Medicare Policy a National Disgrace
Lack of dependable access to long-term immunosuppression is the Achilles’ Heel of American kidney transplantation. A legal remnant of now-disproven assumptions, the federal policy of discontinuing Medicare eligibility three years after a kidney transplant places thousands of recipients at risk each year, and is a major cause of graft failure. This policy also prevents countless potential recipients from even considering a transplant due to fears of financial ruin.
While AST and other groups have advocated for a rational end to this policy for years, an article published online this week by two Canadians in the New England Journal of Medicine (Gill and Tonelli, N Engl J Med, which you can read here) puts the impact of this failed US policy into perspective. These investigators document that Americans insured by Medicare have compromised long term outcomes compared to privately-insured patients, and beyond the 3-year-limit, risk of graft failure increases an additional 40-70%. Among Americans, long-term outcomes are dramatically worse than recipients in Australia, Canada, or the UK. This is an incredible waste of resources (to pay the $100K or so for a transplant and not cover the $10K or so required to make it work) and disrespects the sacrifice of those individuals and families who donate organs in this country.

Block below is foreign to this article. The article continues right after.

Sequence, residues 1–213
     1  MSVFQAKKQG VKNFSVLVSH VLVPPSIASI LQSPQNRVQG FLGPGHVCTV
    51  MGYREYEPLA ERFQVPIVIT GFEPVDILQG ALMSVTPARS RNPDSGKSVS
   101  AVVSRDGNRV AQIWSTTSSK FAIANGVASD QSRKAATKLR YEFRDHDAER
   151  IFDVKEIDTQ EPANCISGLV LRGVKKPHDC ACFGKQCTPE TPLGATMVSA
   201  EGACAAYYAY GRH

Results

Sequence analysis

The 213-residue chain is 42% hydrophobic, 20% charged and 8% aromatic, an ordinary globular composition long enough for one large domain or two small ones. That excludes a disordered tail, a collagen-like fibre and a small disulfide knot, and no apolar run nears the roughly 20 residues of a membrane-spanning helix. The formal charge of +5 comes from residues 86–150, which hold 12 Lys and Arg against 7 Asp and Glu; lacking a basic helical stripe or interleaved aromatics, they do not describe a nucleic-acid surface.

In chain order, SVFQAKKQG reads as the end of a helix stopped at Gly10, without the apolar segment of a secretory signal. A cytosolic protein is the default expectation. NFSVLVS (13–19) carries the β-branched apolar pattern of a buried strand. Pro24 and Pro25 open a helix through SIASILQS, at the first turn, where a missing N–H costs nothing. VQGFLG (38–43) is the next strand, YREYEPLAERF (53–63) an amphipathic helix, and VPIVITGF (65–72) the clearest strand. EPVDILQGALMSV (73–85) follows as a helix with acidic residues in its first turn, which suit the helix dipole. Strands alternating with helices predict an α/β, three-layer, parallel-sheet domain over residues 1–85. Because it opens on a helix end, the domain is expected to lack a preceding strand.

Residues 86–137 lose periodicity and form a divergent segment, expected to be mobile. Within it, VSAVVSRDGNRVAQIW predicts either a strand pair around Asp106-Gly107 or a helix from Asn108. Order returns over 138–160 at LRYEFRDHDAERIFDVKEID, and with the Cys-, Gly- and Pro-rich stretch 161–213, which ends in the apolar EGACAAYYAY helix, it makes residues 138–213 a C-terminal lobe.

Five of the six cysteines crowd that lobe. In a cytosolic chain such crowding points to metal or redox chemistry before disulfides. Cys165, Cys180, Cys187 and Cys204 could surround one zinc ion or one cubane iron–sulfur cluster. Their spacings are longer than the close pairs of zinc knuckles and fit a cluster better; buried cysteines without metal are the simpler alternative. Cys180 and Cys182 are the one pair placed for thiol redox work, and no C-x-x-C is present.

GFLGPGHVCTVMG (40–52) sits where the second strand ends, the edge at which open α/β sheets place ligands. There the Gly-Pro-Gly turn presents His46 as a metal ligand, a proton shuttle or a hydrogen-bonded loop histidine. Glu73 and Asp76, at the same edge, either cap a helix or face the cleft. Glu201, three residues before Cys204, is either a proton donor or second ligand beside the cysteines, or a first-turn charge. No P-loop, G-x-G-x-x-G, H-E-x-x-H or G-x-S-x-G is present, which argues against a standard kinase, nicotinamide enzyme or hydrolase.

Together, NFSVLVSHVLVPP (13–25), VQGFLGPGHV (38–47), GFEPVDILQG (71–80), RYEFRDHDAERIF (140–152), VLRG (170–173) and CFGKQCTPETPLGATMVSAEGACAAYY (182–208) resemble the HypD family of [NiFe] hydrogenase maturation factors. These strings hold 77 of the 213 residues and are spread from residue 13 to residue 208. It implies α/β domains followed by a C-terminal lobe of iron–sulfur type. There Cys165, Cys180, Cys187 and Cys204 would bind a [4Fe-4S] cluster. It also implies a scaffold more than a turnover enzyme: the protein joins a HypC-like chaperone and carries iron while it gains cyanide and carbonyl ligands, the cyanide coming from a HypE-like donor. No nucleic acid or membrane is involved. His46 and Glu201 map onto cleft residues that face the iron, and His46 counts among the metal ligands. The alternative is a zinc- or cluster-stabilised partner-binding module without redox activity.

This is no longer a policy “quirk,” but a national disgrace. As Congressman Michael Burgess (R-TX, a physician and primary cosponsor of H.R. 2969: The Comprehensive Immunosuppressive Drug Coverage for Kidney Transplant Patients Act of 2011) related to me, if Medicare policy cannot address a simple issue like this effectively, how can one expect relevant agencies to cope with the complexity of something like the Affordable Care Act of 2010?
With H.R. 2969 (and its Senate equivalent), the current Congress can remedy this outrage that most of us have lived with our entire careers. We do our patients a disservice by remaining passively on the sidelines.
Contact your Senators and Representatives; inform State officials of the issue; let HHS, HRSA, CMS, et al know that lifetime support for dialysis while withdrawing immuno coverage after three years is not only poor policy, but also disgraceful, unethical, and immoral.
Now is the time for action!
Robert S. Gaston